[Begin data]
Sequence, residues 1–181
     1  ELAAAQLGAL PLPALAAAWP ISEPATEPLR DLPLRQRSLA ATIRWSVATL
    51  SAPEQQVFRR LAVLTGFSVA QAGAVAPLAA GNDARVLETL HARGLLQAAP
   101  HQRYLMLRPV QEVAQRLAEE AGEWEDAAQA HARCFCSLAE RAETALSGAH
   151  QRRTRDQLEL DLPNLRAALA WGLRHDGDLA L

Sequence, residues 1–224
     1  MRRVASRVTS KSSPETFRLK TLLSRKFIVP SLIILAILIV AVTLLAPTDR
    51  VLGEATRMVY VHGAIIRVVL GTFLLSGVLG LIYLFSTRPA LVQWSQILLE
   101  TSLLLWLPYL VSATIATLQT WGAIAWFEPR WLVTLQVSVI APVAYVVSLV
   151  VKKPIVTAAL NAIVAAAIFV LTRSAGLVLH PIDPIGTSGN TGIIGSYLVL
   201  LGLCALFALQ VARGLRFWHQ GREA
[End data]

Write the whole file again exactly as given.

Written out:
Sequence, residues 1–181
     1  ELAAAQLGAL PLPALAAAWP ISEPATEPLR DLPLRQRSLA ATIRWSVATL
    51  SAPEQQVFRR LAVLTGFSVA QAGAVAPLAA GNDARVLETL HARGLLQAAP
   101  HQRYLMLRPV QEVAQRLAEE AGEWEDAAQA HARCFCSLAE RAETALSGAH
   151  QRRTRDQLEL DLPNLRAALA WGLRHDGDLA L

Sequence, residues 1–224
     1  MRRVASRVTS KSSPETFRLK TLLSRKFIVP SLIILAILIV AVTLLAPTDR
    51  VLGEATRMVY VHGAIIRVVL GTFLLSGVLG LIYLFSTRPA LVQWSQILLE
   101  TSLLLWLPYL VSATIATLQT WGAIAWFEPR WLVTLQVSVI APVAYVVSLV
   151  VKKPIVTAAL NAIVAAAIFV LTRSAGLVLH PIDPIGTSGN TGIIGSYLVL
   201  LGLCALFALQ VARGLRFWHQ GREA